In general, you have to understand that as soon as you say, e.g. 0.25, you told Mathematica that this is in machine precision. As long as you stick to infinitely accurate numbers like 1/4, you can tell Mathematica how precise it should evaluate numbers in certain algorithms later.

That being said, in the following I use ListPolarPlot and create the list of values myself. The adaptive plotting algorithms of Mathematica usually include many points to ensure your curve is smooth and calculating with higher precision takes a lot of time. We can speed this up by using ParallelTable but it will still require some minutes. I use the definitions of k and Pr you have already given.

as = {5/100, 1/4, 2, 10, 20};
ams = {2, 7, 100, 150, 150};
Block[{$MaxExtraPrecision = 100},
 norms = First@
     FindMaximum[Pr[##, \[Theta]], {\[Theta], 0, 2 \[Pi]}, 
      WorkingPrecision -> 30] & @@@ Transpose[{as, ams}]

First, note that I converted all your numbers to rationals and only in the final call to FindMaximum, I ask Mathematica to use a working precision of 30. Also, note that during the computation, Mathematica needs more precision and that's why we set $MaxExtraPrecision. If you don't set it, Mathematica will tell you that this setting is too low in a warning message.

Now, we can create the list of radii. For each curve, one list of radii, and we do this computation in parallel as it takes some minutes. With ParallelEvaluate, we distribute the setting of $MaxExtraPrecision to the parallel kernels.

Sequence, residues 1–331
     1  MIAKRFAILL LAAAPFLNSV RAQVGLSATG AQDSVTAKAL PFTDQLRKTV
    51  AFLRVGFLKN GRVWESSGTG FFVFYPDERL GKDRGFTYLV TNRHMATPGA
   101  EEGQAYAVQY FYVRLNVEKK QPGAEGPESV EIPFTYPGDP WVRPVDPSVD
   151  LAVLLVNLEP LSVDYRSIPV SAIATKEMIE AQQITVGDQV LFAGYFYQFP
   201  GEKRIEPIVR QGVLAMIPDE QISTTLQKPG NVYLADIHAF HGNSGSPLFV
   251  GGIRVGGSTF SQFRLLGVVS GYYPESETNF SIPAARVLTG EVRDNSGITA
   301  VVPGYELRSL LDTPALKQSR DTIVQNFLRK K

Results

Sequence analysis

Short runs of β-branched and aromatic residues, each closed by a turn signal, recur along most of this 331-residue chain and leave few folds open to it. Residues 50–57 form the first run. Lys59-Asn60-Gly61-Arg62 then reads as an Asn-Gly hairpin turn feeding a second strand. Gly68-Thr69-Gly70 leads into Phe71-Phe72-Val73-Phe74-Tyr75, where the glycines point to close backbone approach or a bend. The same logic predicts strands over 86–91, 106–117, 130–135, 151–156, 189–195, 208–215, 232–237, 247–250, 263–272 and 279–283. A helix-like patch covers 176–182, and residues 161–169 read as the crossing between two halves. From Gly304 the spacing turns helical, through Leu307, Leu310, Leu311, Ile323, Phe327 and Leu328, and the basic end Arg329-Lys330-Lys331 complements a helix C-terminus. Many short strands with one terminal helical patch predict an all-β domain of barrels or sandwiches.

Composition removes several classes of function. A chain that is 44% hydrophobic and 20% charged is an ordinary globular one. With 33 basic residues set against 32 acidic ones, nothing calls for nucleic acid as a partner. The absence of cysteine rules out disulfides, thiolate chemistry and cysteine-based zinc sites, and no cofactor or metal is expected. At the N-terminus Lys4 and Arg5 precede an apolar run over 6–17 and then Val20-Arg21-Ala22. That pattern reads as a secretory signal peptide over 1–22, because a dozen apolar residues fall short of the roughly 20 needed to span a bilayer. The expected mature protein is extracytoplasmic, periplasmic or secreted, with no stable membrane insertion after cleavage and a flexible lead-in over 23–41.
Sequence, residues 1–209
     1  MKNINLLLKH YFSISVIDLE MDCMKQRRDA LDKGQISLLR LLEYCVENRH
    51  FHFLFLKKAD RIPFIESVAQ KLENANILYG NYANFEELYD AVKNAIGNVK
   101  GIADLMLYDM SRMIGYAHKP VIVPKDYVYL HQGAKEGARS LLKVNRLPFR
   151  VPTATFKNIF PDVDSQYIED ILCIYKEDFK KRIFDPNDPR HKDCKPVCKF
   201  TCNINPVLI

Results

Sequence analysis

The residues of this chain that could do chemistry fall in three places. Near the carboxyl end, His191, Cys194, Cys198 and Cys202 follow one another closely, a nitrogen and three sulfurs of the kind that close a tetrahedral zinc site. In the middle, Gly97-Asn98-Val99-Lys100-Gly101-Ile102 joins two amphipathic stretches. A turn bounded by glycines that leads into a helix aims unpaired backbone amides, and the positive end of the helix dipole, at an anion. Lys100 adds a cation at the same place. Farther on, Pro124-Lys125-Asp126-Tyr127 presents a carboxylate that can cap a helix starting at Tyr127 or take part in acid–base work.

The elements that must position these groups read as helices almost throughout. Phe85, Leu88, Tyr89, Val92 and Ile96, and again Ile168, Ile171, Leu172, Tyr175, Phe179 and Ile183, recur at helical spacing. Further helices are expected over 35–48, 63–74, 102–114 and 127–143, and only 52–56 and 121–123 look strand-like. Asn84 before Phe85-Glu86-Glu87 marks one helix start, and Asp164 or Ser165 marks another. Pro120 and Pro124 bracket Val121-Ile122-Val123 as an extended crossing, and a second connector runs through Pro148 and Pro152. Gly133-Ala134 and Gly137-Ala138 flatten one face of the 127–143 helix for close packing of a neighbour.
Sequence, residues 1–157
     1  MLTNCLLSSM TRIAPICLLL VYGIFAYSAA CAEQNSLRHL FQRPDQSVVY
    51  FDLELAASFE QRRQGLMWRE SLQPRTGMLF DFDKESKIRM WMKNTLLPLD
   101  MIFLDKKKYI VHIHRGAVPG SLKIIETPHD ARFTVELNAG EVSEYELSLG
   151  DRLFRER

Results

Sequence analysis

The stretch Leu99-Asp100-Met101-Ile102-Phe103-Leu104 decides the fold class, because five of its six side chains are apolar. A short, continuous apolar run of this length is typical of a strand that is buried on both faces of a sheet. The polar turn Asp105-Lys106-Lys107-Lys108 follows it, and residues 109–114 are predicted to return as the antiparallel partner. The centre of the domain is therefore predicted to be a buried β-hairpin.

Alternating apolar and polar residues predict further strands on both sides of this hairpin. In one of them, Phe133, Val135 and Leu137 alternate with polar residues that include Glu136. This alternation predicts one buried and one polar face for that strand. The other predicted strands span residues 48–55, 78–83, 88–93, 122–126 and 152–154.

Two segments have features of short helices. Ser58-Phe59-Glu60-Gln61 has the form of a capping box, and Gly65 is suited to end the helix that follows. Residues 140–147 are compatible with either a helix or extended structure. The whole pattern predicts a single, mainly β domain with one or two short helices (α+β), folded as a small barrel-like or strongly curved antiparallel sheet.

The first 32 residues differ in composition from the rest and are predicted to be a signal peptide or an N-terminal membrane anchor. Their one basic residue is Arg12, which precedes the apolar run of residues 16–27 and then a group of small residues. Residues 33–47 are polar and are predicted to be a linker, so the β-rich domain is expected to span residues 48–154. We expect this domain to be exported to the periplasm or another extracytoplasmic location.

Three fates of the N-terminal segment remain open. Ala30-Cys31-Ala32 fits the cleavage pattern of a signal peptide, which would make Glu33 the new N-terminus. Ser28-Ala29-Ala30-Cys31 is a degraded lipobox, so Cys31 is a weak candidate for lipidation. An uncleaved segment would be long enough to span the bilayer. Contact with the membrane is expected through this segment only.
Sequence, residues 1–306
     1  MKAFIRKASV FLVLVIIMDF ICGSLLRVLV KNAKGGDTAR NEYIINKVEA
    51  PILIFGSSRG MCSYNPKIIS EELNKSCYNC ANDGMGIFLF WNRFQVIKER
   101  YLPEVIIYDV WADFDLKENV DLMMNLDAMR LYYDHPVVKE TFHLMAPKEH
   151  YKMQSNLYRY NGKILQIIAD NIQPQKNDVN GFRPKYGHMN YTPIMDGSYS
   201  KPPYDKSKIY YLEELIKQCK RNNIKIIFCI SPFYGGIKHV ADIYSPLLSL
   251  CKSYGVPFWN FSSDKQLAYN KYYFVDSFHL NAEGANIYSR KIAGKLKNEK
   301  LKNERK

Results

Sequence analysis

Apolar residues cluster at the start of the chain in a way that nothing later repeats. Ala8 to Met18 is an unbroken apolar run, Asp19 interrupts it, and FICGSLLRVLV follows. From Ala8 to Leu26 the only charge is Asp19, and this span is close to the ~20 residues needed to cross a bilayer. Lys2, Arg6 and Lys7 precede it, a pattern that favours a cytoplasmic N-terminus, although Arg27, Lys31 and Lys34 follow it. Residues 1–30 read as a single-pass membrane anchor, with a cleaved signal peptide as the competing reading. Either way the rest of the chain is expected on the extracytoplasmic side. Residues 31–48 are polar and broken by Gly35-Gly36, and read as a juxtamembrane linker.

ParallelEvaluate[$MaxExtraPrecision = 100];
data = ParallelTable[
     Pr[#1, #2, \[Theta]]/#3, {\[Theta], 0, 2 Pi, Pi/80}] & @@@ 
   Transpose[{as, ams, norms}];

As you can see, in above code blocks, I used @@@ and ## (or #1). Familiarize yourself how this works by looking at this example

f[##, {#2}] & @@@ {{1, 2, 3}, {4, 5, 6}, {7, 8, 9}}

and checking the documentation. Don't just copy the code.

After that, you can plot your data and recreate what your teacher had:

ListPolarPlot[data, Joined -> True, 
  PolarAxes -> True,
  PlotRange -> Automatic, 
  PolarGridLines -> Automatic, 
  PolarTicks -> {"Degrees", Automatic},
  PolarAxesOrigin -> {0, 1},
  PlotLegends -> (StringTemplate["a = ``\[Lambda]"] /@ N[as]), 
  PlotStyle -> {Blue, Red, Green, Magenta, Black}]

Mathematica graphics

  • $\begingroup$ Thanks a lot for your response. I am going reiterate your explanation in my own words so that you can correct/check my understanding of your explanation. -Mathematica by default uses Machine Precision if the values are using decimal $\endgroup$
    – Rumman
    Oct 15, 2019 at 3:47
  • $\begingroup$ - This was giving me precision issue. So you changed the list of radius values to "infinitely accurate precision" by using "/" and you controlled the precision later on in the calculation - I understand your notations. I played around with "@@@" and "##", "#1" Thanks for the example. That was helpful. - You used ParallelTable to evaluate the 5 sets of data $\endgroup$
    – Rumman
    Oct 15, 2019 at 4:02
  • $\begingroup$ @Rumman Yes, exactly. There are different ways of controlling precision/accuracy (see 0.25``20 or 0.25`20 notation) but you can read about them in several posts here or in the documentation. Just look up Precision, Accuracy, N, SetAccuracy, ... and the standard options WorkingPrecision, AccuracyGoal, and the links therein. $\endgroup$
    – halirutan
    Oct 15, 2019 at 6:45